In many cases, simply following the treatment option from your provider will be more than enough to treat your case of venous insufficiency. If you have a favorable response to treatment, your provider may also consider other treatment options that can help speed up your recovery and prevent any additional blood clotting in the future.

Treatments for Acute and Chronic Venous Insufficiency

Legs wearing compression stockings

In most cases, the treatment option for acute and chronic venous insufficiency is the same: by unblocking the venous segments and preventing any more pooling of blood. This avoids any other adverse events from developing from your venous disorder, triggers the healing of ulcers (if any), and allows the return of blood to the heart again.


In many cases, taking medications that prevent blood clotting can help restore the normal flow of blood without surgical procedures. Diluted veins let more blood through the body and back to the heart, and can prevent the formation of any additional blood clots.

Medication is particularly effective if you're also suffering from the post-thrombotic syndrome, where your venous system still feels the effect of deep vein thrombosis. Since the active symptoms from this complication are often chronic, they can work to treat both venous insufficiencies and help the body recover better from deep-vein thrombosis.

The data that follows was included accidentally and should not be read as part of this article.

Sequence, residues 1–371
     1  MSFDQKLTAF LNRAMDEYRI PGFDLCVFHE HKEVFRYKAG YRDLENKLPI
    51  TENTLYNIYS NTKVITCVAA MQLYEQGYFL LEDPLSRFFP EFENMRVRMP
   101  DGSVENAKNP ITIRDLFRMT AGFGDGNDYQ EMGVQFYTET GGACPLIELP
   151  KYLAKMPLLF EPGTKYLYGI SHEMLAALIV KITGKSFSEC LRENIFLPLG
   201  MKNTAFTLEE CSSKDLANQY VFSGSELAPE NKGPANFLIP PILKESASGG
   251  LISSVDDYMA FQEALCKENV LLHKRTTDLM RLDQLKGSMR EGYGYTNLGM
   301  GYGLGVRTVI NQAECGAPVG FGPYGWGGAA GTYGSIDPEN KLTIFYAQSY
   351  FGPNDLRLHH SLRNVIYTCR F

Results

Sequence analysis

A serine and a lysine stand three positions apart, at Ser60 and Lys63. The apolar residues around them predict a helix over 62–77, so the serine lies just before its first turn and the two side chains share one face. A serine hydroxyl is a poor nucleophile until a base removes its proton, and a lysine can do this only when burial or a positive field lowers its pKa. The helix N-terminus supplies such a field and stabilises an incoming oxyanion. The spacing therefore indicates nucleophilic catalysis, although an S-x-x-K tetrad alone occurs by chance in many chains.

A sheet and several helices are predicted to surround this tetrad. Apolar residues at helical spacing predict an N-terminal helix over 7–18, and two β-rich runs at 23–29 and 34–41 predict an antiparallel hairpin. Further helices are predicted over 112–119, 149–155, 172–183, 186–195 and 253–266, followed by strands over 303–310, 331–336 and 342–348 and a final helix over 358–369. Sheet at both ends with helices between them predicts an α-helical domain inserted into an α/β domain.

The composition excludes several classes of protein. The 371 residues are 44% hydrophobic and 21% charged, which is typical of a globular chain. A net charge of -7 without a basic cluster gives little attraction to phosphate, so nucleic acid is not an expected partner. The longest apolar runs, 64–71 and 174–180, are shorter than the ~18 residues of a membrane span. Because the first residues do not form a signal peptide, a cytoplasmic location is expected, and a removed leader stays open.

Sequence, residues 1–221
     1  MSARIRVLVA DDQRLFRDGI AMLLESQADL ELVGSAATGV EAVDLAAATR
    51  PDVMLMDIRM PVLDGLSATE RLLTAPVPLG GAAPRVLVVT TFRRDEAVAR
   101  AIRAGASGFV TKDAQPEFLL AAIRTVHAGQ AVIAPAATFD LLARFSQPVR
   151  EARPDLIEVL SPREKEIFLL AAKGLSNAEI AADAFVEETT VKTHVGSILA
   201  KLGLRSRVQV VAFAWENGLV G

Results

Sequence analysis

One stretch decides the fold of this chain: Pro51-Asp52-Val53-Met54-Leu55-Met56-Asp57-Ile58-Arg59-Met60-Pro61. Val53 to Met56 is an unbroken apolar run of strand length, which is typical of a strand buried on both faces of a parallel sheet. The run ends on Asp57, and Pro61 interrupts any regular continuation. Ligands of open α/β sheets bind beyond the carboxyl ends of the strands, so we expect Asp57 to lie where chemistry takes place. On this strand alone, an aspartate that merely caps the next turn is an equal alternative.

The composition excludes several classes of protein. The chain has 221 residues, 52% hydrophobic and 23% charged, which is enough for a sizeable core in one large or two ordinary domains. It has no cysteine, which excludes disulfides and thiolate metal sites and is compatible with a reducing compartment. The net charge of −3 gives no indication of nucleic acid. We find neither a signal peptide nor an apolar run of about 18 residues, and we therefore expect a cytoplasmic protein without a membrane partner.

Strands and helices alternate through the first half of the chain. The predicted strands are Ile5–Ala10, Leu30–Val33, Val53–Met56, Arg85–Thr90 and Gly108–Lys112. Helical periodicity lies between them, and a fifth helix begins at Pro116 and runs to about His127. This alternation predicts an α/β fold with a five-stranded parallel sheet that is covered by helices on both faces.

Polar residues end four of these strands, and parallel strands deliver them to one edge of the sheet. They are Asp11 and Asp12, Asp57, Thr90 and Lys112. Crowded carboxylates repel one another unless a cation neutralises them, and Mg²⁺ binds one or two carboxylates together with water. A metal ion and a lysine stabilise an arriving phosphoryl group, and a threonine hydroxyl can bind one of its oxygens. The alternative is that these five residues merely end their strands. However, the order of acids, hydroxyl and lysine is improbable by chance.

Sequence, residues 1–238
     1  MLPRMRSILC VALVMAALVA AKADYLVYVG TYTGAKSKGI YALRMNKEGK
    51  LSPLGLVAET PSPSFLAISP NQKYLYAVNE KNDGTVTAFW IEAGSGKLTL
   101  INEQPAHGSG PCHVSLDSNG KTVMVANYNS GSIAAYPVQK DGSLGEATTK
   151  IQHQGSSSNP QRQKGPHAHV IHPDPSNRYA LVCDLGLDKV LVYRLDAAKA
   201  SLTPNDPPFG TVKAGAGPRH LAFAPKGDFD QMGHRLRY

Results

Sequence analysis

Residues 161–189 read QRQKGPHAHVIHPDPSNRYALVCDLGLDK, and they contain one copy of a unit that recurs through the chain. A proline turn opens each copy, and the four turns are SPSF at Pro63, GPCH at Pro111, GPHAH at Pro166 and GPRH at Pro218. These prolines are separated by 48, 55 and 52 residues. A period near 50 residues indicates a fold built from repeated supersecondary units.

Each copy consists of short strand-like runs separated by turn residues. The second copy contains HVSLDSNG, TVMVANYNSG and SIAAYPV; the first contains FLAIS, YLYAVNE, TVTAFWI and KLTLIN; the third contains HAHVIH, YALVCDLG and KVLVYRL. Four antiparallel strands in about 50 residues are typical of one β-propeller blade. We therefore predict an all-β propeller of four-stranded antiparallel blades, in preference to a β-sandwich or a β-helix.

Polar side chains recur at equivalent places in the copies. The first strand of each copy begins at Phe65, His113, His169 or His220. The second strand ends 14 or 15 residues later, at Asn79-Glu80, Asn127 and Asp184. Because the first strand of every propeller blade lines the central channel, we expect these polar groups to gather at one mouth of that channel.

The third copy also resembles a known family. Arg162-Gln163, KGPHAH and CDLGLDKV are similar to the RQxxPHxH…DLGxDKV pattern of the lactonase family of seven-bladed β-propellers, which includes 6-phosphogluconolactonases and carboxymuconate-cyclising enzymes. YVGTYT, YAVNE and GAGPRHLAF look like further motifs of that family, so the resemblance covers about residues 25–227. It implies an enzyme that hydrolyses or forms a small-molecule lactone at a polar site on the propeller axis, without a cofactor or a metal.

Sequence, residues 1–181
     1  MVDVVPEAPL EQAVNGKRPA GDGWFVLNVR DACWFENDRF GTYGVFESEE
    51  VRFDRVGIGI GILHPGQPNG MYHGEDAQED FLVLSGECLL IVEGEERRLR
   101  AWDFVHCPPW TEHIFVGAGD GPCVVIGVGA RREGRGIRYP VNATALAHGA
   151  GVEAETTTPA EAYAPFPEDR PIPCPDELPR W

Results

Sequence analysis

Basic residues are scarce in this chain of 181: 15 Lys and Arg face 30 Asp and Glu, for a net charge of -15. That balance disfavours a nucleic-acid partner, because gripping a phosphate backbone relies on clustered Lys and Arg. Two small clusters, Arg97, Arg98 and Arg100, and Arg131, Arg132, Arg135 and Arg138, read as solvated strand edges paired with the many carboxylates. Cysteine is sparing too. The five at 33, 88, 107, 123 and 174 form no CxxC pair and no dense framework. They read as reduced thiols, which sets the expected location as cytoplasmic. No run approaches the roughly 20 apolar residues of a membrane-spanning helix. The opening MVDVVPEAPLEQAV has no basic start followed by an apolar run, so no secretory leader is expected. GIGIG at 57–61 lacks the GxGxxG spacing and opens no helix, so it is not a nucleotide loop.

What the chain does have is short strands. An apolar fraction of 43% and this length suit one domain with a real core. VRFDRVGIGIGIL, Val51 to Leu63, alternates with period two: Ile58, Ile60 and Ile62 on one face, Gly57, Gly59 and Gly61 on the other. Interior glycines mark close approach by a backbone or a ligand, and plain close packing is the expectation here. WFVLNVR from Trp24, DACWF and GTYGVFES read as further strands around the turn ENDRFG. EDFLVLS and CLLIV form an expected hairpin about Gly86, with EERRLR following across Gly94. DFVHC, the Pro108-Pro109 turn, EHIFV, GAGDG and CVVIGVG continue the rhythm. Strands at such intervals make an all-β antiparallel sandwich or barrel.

Lifestyle Changes

If venous insufficiency is caught in its early stages, a provider can recommend lifestyle changes and specialized clothing like elastic compression stockings to relieve blood pressure on the legs. By using compression garments, the additional pressure can speed up the return of blood to the heart alongside minimizing any risk of forming blood clots.

Exercise and physical therapy are also great options if the patient has a good initial response to treatment. Movements focusing on leg elevation, relieving venous pressure, and keeping the circulatory system healthy have all shown favorable long-term results, especially under the supervision of an experienced health care provider.

Surgical Techniques

For severe cases of acute or chronic venous insufficiency, treatment options include venous ligation and ambulatory phlebectomy. Venous ligation is the more common surgical treatment - by cutting off or tying off a vein, any venous obstruction is quickly relieved and the compression on your venous system stops. You can also consider vein stripping, where the affected vein is removed in its entirety.